Note 1: Here be spoilers--if you're behind on the English schedule, which is about six weeks behind the US schedule. We're up to Season 2, Episode 11 (The Sue Sylvester Shuffle).
Note 2: I would have loved for this to be an all-singing, all-dancing, video-clip filled, multi-media extravaganza. But: I don't have access to Hulu, can't figure out how to embed video from E4 (the source of all these pretty pictures) or imdb, and don't like either intellectual-property theft or the dead links that will quickly appear if I post pirated clips from YouTube. So, sorry for the lack of examples. There are links to videos you can click, if you're interested.
Note 3: I know, I don't even talk about Karofsky. That's a whole other post.
Oh, yeah, and it's really long. Took so long to write I don't have the heart to spend more time cutting it down.
Now, on with the show!
I heard about Glee for a long time before I had a chance to see it. Fox aired a preview episode in the US in May of 2009, and my friends' facebook statuses started buzzing immediately. I guess it was only logical that by the time I saw my first episode--on a trip back to the States in September '09--there was no way it could have been as good as what I was expecting. I didn't expect to hate it quite as much as I did, though.
Part of my problem was, I'm a big fan of realism. The first episodes of Glee--Pilot through Sectionals--are willing-suspension-of-disbelief-snappingly soap-opera-y. I could barely see the TV for all the eye-rolling.
Mostly, though, I just couldn't accept the show's premise that being in show choir is enough all by itself to brand a kid a loser. Glee is still riding this assumption, and it still makes no sense to me. Popularity, it seemed to me in high school and still seems to me in retrospect, honestly did seem to have a lot to do with what a likeable person you were, not whether you obeyed some rulebook about what clubs to join. (When I was in high school, we had Homecoming, Prom, and May Fete Queens from band, drama, and show choir.)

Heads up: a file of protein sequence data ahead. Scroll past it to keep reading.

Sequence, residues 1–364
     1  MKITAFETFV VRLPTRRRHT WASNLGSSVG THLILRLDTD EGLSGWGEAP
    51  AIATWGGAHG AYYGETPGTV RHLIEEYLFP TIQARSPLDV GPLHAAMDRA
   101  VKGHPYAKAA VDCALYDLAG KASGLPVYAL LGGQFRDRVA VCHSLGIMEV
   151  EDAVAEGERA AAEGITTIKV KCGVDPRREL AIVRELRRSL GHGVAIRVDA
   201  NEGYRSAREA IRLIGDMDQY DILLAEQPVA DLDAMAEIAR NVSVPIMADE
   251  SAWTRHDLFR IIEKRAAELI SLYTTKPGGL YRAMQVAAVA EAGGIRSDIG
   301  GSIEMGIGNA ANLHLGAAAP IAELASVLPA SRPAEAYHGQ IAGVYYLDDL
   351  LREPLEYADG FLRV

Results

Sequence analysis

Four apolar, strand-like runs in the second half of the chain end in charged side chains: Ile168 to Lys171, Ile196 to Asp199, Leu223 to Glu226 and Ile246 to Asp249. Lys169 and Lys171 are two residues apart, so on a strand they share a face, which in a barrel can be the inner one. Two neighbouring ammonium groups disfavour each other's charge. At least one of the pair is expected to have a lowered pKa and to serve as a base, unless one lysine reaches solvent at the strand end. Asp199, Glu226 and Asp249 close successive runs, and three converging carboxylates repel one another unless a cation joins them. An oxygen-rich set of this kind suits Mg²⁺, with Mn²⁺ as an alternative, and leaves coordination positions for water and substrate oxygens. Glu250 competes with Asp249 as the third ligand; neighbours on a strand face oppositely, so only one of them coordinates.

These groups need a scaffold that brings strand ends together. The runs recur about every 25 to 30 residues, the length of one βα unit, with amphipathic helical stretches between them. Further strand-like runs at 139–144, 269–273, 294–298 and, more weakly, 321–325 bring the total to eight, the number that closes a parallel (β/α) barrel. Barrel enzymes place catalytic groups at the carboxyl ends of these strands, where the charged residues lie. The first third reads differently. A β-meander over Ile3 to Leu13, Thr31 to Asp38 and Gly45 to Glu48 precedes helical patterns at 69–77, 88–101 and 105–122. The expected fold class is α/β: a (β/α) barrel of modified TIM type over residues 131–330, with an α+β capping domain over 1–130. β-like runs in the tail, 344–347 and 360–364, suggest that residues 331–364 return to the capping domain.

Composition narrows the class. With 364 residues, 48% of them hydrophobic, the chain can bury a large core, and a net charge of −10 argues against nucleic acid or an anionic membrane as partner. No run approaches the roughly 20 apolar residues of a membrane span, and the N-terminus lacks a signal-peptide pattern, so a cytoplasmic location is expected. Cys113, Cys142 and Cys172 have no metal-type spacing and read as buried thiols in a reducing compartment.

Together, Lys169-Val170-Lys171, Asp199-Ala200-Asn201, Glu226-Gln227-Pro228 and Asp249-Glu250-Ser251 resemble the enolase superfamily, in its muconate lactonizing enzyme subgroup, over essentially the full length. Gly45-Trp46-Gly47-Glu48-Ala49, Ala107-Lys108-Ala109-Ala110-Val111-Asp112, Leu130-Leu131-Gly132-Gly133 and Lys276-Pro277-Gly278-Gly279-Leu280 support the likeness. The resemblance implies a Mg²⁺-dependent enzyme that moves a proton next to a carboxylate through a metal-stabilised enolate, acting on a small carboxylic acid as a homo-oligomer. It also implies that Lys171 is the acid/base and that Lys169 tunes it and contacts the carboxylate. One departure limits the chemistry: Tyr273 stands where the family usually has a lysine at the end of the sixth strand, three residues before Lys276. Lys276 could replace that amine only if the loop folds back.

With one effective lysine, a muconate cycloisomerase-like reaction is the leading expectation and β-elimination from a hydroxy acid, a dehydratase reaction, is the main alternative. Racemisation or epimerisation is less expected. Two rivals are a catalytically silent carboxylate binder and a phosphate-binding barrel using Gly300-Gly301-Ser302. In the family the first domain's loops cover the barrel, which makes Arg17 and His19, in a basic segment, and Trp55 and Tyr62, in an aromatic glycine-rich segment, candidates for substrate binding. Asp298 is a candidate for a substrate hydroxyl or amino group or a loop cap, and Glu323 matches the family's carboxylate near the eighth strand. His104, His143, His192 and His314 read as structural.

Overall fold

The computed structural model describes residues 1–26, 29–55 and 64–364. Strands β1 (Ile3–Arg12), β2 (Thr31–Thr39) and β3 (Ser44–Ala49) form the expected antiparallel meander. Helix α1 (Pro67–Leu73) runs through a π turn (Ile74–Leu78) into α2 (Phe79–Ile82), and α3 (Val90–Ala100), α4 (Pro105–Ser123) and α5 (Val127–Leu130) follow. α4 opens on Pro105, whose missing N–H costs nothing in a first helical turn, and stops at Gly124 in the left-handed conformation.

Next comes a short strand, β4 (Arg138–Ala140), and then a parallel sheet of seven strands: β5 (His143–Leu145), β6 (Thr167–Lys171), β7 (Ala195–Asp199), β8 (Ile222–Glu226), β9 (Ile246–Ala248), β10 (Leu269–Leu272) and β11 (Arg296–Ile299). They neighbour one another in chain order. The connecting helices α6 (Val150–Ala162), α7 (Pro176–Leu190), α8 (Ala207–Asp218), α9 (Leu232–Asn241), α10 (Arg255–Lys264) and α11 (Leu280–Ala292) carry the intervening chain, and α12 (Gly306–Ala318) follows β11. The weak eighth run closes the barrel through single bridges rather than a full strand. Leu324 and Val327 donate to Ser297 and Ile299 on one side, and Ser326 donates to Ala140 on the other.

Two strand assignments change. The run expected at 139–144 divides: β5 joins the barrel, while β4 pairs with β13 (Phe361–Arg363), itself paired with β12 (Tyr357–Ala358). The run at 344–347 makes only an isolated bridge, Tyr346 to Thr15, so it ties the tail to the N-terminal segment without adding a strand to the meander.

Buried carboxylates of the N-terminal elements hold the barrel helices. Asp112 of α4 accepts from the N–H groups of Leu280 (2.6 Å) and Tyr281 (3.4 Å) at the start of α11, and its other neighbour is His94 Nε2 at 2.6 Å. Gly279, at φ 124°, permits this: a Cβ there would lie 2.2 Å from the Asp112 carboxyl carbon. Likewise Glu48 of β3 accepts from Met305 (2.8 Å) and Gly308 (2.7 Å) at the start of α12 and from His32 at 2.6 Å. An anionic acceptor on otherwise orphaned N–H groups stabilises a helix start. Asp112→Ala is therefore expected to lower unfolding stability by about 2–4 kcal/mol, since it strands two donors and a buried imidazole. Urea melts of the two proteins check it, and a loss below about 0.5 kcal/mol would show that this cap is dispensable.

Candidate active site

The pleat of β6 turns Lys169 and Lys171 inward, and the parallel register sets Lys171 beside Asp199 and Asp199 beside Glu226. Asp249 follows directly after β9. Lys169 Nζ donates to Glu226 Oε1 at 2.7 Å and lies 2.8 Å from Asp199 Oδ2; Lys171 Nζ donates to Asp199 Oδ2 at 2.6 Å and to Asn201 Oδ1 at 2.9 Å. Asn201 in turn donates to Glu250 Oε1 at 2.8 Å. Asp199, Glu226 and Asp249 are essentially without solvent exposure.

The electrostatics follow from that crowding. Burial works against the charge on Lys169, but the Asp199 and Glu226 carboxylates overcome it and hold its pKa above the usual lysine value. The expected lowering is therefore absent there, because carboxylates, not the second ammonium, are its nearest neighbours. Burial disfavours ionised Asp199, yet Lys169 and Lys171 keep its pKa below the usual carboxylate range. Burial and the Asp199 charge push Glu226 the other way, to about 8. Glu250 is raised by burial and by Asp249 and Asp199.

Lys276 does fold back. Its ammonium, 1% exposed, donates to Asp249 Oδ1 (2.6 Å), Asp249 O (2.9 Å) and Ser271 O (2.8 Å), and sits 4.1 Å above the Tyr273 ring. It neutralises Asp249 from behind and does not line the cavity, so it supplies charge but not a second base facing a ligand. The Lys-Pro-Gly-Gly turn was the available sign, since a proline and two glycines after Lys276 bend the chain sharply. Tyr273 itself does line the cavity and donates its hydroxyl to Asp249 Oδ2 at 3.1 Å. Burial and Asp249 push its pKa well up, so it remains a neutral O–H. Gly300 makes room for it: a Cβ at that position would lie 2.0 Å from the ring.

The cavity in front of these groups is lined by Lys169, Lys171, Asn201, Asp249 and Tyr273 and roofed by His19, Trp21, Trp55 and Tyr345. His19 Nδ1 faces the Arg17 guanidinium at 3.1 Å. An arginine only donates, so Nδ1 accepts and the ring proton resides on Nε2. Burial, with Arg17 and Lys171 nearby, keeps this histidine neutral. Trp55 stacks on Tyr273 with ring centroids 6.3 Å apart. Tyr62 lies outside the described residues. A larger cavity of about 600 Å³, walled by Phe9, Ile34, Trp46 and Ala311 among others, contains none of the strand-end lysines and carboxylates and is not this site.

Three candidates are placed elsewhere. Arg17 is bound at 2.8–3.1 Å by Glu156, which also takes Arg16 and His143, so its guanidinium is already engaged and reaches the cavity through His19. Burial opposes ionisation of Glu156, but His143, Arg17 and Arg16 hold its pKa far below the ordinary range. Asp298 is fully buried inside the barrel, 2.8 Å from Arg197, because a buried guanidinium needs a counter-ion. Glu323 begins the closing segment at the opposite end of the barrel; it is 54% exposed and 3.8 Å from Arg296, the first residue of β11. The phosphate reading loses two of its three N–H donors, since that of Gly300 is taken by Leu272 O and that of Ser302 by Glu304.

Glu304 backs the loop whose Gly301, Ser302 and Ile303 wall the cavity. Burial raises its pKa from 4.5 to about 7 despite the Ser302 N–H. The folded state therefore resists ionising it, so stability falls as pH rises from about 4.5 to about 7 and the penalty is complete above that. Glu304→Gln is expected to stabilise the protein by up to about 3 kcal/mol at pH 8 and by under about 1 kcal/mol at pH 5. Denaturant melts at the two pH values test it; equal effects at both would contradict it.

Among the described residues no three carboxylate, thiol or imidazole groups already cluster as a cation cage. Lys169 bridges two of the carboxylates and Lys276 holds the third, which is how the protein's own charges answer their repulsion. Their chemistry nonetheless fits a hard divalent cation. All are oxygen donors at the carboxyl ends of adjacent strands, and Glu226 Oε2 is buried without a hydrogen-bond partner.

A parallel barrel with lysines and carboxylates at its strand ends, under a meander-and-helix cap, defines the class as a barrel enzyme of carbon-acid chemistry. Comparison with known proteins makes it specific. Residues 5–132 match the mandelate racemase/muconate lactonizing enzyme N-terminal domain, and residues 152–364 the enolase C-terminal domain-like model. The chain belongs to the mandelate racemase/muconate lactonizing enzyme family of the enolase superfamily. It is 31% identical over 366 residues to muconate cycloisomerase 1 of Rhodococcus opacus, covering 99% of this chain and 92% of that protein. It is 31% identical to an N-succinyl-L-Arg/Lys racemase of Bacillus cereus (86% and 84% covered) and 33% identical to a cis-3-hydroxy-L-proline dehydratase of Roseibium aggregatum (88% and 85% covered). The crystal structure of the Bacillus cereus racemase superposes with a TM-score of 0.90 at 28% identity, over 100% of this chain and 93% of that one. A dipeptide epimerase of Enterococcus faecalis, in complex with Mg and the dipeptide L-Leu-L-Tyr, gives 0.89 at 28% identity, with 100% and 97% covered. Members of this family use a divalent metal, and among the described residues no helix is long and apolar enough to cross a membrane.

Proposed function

In any case, between the soap opera plot and the show's casual assumption that high school performing artists were losers by definition, I came back to the UK secure (and a little smug, to be honest) in my dislike of this latest pop-culture phenomenon. I wasn't bothered. I never got into American Idol, either.
But... when Glee launched here, I couldn't look away. I watched every episode. (Some of those episodes starred Kristin Chenoweth and Idina Menzel, for pete's sake; how could I miss that?) For a while I'd watch while surfing the internet, closing my laptop and looking at the TV only when the music started to play. (And then I'd roll my eyes through the songs, which at that point were little better than karaoke renditions.) But as the weeks went by, I found myself actually paying attention to the plot, and--horrors!--becoming invested in the lives and fates of the same characters I'd initially dismissed as so unrealistic as to be beyond sympathy.
The singing and dancing got good, too. Some producer on that show is still doing horrible things with auto-tune, but the arrangements are a lot more choral, and sound a lot less like something you'd hear a cover band do at a wedding, than they used to be.
After winning me over in the first season, the second season got off to an awkward start. The characters in Season 2, Episode 1 were almost unrecognizable. Rachel was supposed to have spent Season 1 learning the value of being a team player, but Season 2 starts with her trying to recruit an exchange student to the group by telling her, "I need more people to sway in the back and look at me adoringly." Mr. Schuester, the show's adult paragon of virtue, joins the evil villain cheerleader coach in bullying the new (female) football coach, who presents a threat to his already-meager budget.
The second episode, Britney/Brittany, shows off the deadpan and dance skills of cast member Heather Morris and pretty much goes to war against two school losers: Jacob Ben Israel and Lauren Zizes. The episode climaxes (a word choice so unfortunately appropriate that I'm leaving it in) with a pep rally performance of Toxic, during which Jacob and Lauren humiliatingly lose all control of themselves.